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Balancing Risk and Innovation: The Challenge for the Finance Professional

12/06/2013 12:15 BST | Updated 10/08/2013 10:12 BST

Innovation is the key to long-term business success in today's fast-paced, volatile and uncertain world. As Thomas Edison said: "There's a way to do it better - find it."

Companies that have the creativity necessary for innovation, and then finance and implement their ideas efficiently, are the ones that succeed. Innovation is vital, but isn't easy. It can be disruptive, uncertain in its outcomes, and requires a strong appetite for risk.

The challenge lies in running a business profitably while promoting the culture of renewal that will create a sustainable business for tomorrow. Organisations must become deft at balancing tensions and culture clashes - between the desire for creativity and flexibility on one hand, and the need for discipline and controls on the other.

CFOs are traditionally seen as the people who put the brakes on. But that is simply not the case. With organisations now managing a large portfolio of innovation projects, and needing to ensure the right ideas are funded and properly executed, finance professionals have an important role to play.

They must contribute to an environment that sees innovation encouraged, financed and delivered efficiently to market. They should ensure that ideas are challenged and refined and make certain that the trade-offs and risks associated with betting finite resources on unproven ideas are properly considered.

The question is how to establish good financial management that manages risk without stifling innovation. In a new Chartered Global Management Accountant (CGMA) report, Managing Innovation: Harnessing the power of finance,we have highlighted how finance leaders must pave the way for successful commercial innovation.

Some roles are obvious, such as ensuring sufficient funding is available for innovation projects and helping to build a strong business case. But there are other areas businesses are missing out on, and must be aware of.

These include putting in place a distinct financial approach to judging and measuring innovation - one that is more flexible and tolerant of failure. Financial metrics must be adapted to align with the various stages of the innovation life-cycle, with early-stage projects governed by a more relaxed approach to financials.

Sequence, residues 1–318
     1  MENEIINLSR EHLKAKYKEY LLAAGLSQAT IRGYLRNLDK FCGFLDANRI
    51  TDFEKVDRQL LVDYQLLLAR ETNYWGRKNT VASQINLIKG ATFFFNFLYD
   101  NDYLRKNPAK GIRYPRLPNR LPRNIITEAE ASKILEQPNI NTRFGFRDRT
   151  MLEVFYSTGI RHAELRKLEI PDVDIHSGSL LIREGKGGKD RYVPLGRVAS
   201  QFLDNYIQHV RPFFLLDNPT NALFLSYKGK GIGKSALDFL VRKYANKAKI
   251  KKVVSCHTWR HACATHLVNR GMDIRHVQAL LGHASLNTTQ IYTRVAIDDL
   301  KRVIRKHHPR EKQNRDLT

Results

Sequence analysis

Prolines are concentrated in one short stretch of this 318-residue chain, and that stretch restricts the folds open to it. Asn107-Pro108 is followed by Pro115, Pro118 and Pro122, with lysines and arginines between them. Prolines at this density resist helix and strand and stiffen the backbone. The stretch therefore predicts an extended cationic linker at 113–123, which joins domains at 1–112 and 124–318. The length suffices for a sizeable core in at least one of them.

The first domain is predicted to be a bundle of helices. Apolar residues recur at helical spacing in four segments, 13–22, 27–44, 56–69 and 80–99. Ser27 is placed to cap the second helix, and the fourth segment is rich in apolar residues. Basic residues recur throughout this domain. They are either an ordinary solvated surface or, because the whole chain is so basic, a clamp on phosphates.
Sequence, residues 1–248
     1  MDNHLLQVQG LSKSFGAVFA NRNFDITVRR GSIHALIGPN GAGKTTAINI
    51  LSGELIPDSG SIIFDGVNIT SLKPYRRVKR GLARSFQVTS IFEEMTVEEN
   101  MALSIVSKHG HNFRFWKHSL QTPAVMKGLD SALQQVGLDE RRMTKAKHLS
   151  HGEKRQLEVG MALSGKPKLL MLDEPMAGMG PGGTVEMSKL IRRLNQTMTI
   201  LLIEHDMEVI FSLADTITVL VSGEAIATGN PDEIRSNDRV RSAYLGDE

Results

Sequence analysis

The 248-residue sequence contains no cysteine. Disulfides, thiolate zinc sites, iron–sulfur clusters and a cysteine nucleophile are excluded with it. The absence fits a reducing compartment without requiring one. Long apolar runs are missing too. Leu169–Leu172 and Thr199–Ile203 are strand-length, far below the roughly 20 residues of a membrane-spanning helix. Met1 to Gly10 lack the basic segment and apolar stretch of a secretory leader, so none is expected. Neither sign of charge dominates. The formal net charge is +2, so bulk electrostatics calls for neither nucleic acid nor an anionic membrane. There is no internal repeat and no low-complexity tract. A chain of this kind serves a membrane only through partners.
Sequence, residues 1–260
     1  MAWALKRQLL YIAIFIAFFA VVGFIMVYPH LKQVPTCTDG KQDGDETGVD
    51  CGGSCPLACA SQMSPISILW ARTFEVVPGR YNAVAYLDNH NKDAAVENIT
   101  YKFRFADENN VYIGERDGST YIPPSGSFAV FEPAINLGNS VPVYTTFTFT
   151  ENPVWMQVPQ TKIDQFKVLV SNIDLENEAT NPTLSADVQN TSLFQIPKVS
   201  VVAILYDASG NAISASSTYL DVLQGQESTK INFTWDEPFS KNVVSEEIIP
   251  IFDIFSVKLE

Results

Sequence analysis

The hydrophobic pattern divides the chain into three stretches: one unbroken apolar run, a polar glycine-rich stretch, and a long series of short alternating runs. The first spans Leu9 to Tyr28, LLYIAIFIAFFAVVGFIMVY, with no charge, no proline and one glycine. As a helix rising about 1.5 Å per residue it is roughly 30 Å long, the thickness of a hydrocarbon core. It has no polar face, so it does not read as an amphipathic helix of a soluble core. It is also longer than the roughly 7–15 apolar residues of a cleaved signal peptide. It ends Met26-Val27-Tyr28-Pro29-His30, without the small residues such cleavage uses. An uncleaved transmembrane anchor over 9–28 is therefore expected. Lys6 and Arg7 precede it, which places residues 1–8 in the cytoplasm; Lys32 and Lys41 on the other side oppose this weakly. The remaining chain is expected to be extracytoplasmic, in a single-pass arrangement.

As Doug Bonthrone, recently retired director of global services strategy at Coca-Cola, comments in the report: "There's an art to innovation but there needs to be some science that goes with that - understanding the forward-looking side of strategy, being able to scope the opportunity. In all these areas, the management accountant is critical. Whether it's a new product, process or business model, the management accountant can help assess the results, evaluate how things have gone and learn lessons."

Companies need to deploy a range of different strategies to help ideas flourish and innovation projects succeed. And the finance function can help create a framework that promotes clarity, transparency and financial discipline across that portfolio.

CFOs must ensure that an organisation's appetite to risk is well-defined and understood, and set within the context of the company's strategic plans. They should use risk management as a strategic tool for managing risk-reward trade offs on a case by case basis. They need to build both tangible (hard) and intangible (soft) risks into their strategies.

Innovation is at the heart of an organisation's capacity for renewal. The goal for finance must be to create a supportive culture that fosters creativity and ideas, and underpins them with checks and controls, so that the organisation can successfully turn ideas into commercial success.

Balancing innovation and risk is a challenging concept - but the biggest risks arise from a failure to innovate.